Consequences of Exposure to Carcinogens Beginning During Developmental Life

Cesare Maltoni Cancer Research Center, European Ramazzini Foundation of Oncology and Environmental Sciences, Bologna, Italy.
Basic & Clinical Pharmacology & Toxicology (Impact Factor: 2.38). 03/2008; 102(2):118-24. DOI: 10.1111/j.1742-7843.2007.00200.x
Source: PubMed

ABSTRACT The increased incidence of cancer over the last 50-60 years may be largely attributed to two factors: the ageing of the population and the diffusion of agents and situations presenting carcinogenic risks. Today, we have entered into a new era in which populations are ever-increasingly exposed to diffuse carcinogenic risks, present not only in the occupational, but also in the general environment. We must now also consider an additional factor in the carcinogenic process, that is, the age in which exposure to carcinogenic risks begins. Apart from the paradigmatic cases of diethylstilboestrol and ionizing radiation, the available epidemiological data concerning the adult consequences of developmental exposure to carcinogens is very limited. However, important data have been provided by long-term experimental carcinogenicity bioassays conducted using rodents. This paper reports a selection of studies conducted in the laboratories of the Cesare Maltoni Cancer Research Center of the European Ramazzini Foundation in which exposure to the chemical agents vinyl acetate monomer, ethyl alcohol and aspartame was started during developmental life and continued into adulthood. The results of these studies provide supporting evidence that lifespan exposure to carcinogenic agents beginning during developmental life produces an overall increase in the carcinogenic effects observed. Moreover, when comparing prenatal and postnatal exposure, the data demonstrate that the development of cancers may appear earlier in life.

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Available from: Davide Degli Esposti, Sep 27, 2015
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    • "However, the safety of their long-term ingestion, especially when starting from early development throughout life, has been questioned by a considerable number of studies [21] [22] [23] [24] [25]. Due to this, we aimed to review the available information about the impact of NNS exposure during the perigestational period on the later in life offspring's risk of developing diseases (in particular metabolic diseases), and to discuss the mechanisms involved in the potential fetal programming effects of NNS. "
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    ABSTRACT: The nutritional environment during embryonic, fetal and neonatal development plays a crucial role in the offspring's risk of developing diseases later in life. Although non-nutritive sweeteners (NNS) provide sweet taste without contributing to energy intake, animal studies showed that long-term consumption of NSS, particularly aspartame, starting during the perigestational period may predispose the offspring to develop obesity and metabolic syndrome later in life. In this paper, we review the impact of NNS exposure during the perigestational period on the long-term disease risk of the offspring, with a particular focus on metabolic diseases. Some mechanisms underlying NNS adverse metabolic effects have been proposed, such as an increase in intestinal glucose absorption, alterations in intestinal microbiota, induction of oxidative stress and a dysregulation of appetite and reward responses. The data reviewed herein suggest that NNS consumption by pregnant and lactating women should be looked with particular caution and requires further research.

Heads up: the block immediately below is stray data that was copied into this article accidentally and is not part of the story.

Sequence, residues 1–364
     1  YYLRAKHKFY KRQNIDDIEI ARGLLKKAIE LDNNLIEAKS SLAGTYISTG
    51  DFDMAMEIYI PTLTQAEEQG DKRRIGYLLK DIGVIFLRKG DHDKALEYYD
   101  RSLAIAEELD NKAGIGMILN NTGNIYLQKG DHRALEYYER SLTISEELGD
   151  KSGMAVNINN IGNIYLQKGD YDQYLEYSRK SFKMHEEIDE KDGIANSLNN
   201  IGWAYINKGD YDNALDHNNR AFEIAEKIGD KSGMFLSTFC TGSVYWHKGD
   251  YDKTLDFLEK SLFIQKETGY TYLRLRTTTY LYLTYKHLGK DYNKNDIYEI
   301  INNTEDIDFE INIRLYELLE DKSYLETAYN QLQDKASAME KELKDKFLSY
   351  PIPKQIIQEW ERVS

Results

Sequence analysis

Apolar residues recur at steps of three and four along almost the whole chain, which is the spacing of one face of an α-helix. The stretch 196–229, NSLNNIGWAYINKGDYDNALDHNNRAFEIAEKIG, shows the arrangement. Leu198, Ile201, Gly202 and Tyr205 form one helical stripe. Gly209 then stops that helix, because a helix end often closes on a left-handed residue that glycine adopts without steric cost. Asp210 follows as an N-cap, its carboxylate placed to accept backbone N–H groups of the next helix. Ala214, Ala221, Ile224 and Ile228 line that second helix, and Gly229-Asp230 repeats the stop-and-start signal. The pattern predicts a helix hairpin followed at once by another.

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    • "Responses to some of these criticisms have already been provided in a number of our earlier works [Soffritti et al., 2007, 2008, 2010]. "
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    ABSTRACT: Aspartame (APM) is an artificial sweetener used since the 1980s, now present in >6,000 products, including over 500 pharmaceuticals. Since its discovery in 1965, and its first approval by the US Food and Drugs Administration (FDA) in 1981, the safety of APM, and in particular its carcinogenicity potential, has been controversial. The present commentary reviews the adequacy of the design and conduct of carcinogenicity bioassays on rodents submitted by G.D. Searle, in the 1970s, to the FDA for market approval. We also review how experimental and epidemiological data on the carcinogenic risks of APM, that became available in 2005 motivated the European Commission (EC) to call the European Food and Safety Authority (EFSA) for urgent re-examination of the available scientific documentation (including the Searle studies). The EC has further requested that, if the results of the evaluation should suggest carcinogenicity, major changes must be made to the current APM specific regulations. Taken together, the studies performed by G.D. Searle in the 1970s and other chronic bioassays do not provide adequate scientific support for APM safety. In contrast, recent results of life-span carcinogenicity bioassays on rats and mice published in peer-reviewed journals, and a prospective epidemiological study, provide consistent evidence of APM's carcinogenic potential. On the basis of the evidence of the potential carcinogenic effects of APM herein reported, a re-evaluation of the current position of international regulatory agencies must be considered an urgent matter of public health. Am. J. Ind. Med. 9999;1-17, 2014 © 2014 Wiley Periodicals, Inc.
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